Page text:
• The Great Circle Earthworks: Approximately 1,200 feet in diameter — wide enough to cram in four football fields end to end — the Great Circle’s walls are 8 feet high with a 5-foot trench along the inside circumference of the circle. The Great Circle’s gateway points due east, and Eagle Mound — a group of mounds in the shape of a bird midflight — is nestled at its center.
  • The Wright Earthworks: A few blocks northeast of the Great Circle is the Wright Earthworks. Though much of Wright has been destroyed with the city of Newark’s expansion and development, the mounds used to form a near-perfect square with eight small mounds situated within.
  • The Octagon Earthworks: A little over a mile to the northwest of the Great Circle lies the Octagon Earthworks, which comprises of the Octagon, Observatory Circle and Observatory Mound. The Octagon has eight walls, each approximately 550 feet long, 5 to 6 feet tall and separated by gaps in the corners. Connected to the Octagon’s west side is Observatory Circle, with Observatory Mound laid perpendicularly across its western entrance.

“The people who built these were very pre-Frank Lloyd Wright in that they were really concerned with the horizonal,” Low said. “He was interested in his architecture blending in and being horizontal and in balance with the environment.”

Though no one can know for certain the Hopewell peoples’ reasons for constructing the complex — some speculate the earthworks were places of worship, trade, burials and other ceremonies — they remain an extraordinary feat of ingenuity that exemplify their creators’ advanced knowledge of geometry, astronomy and earthen engineering.

For example, in 1982, researchers from Earlham College discovered that the Octagon Earthworks was a complicated lunar observatory. The gaps between each wall of the Octagon, they found, are aligned to points on the horizon indicating notable moonrises and moonsets of a complex 18.6-year lunar cycle, with the extreme northernmost moonrise lining up exactly with the Octagon’s central axis. Furthermore, the square footage of both the Great Circle and the Observatory Circle (1,054 feet) corresponds to other Hopewellian structures, including the Octagon.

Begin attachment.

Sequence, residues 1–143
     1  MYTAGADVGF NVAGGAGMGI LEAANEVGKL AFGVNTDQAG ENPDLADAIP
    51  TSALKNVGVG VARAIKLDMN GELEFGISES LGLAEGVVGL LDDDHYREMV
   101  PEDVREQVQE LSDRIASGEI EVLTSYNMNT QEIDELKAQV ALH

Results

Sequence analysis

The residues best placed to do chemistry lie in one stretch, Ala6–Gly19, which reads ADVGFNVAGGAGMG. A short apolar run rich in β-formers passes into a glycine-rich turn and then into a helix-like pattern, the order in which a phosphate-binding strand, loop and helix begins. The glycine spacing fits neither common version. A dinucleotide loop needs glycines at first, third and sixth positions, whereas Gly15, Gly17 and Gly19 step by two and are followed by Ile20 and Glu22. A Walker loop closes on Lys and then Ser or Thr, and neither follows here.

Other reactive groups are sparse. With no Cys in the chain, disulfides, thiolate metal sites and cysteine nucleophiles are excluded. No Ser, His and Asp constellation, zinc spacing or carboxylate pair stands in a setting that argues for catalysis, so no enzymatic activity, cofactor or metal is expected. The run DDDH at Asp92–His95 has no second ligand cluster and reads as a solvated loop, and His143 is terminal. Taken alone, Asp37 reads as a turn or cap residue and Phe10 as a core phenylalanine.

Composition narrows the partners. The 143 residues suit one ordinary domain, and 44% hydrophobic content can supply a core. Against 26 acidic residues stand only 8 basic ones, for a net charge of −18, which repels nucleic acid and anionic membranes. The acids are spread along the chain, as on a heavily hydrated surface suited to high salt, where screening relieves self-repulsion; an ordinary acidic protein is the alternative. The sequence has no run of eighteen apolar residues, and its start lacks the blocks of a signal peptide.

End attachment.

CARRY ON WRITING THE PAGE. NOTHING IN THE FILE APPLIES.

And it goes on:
“That measurement is replicated in other places in Ohio, so they were doing the exact same thing,” Low said. “Regarding the moon cycle, we can only speculate why that was important, but it was important to them. It may have represented stability and balance that these things were going to continue as they were expected to go. It shows a lot of human ingenuity.”

Newark Earthworks
Moundbuilders Country Club’s golf course is constructed within the Octagon and Observatory Circle.


The Newark Earthworks is operated as a state park by the Ohio History Connection, is designated as a National Historic Landmark and is considered by the state of Ohio as “the official prehistoric monument of the state.”

The site is also being considered for inclusion on the UNESCO World Heritage List, which recognizes designated landmarks around the world that have cultural, historical or scientific significance and are legally protected by international treaties. The Newark Earthworks’ status on the list hinges partly on an ongoing legal battle with Moundbuilders Country Club, on which the Octagon Earthworks lay.

Low says, however, the designation wouldn’t be decided on for another three to four years.

“There would be a significant influx of tourism from around the world, which would be really exciting to be able share this,” he said.

As director of the NEC, Low is striving to promote scholarly engagement surrounding the Newark Earthworks and grow the NEC as an elite research center. He feels a duty to develop the NEC and bring academics to the earthworks not just because he’s a professor and researcher, but because of the generations that came before him.

“The blood of mound builders is in our veins,” he said. “We may not have built them, but we carry that ancestry and that legacy and that inheritance with us.”

https://artsandsciences.osu.edu/sites/default/files/styles/news_event/public/john%20low%20web.jpg?itok=Oj4KanB6

Link to an Indigenous Tour of Northwestern (Virtual Reality)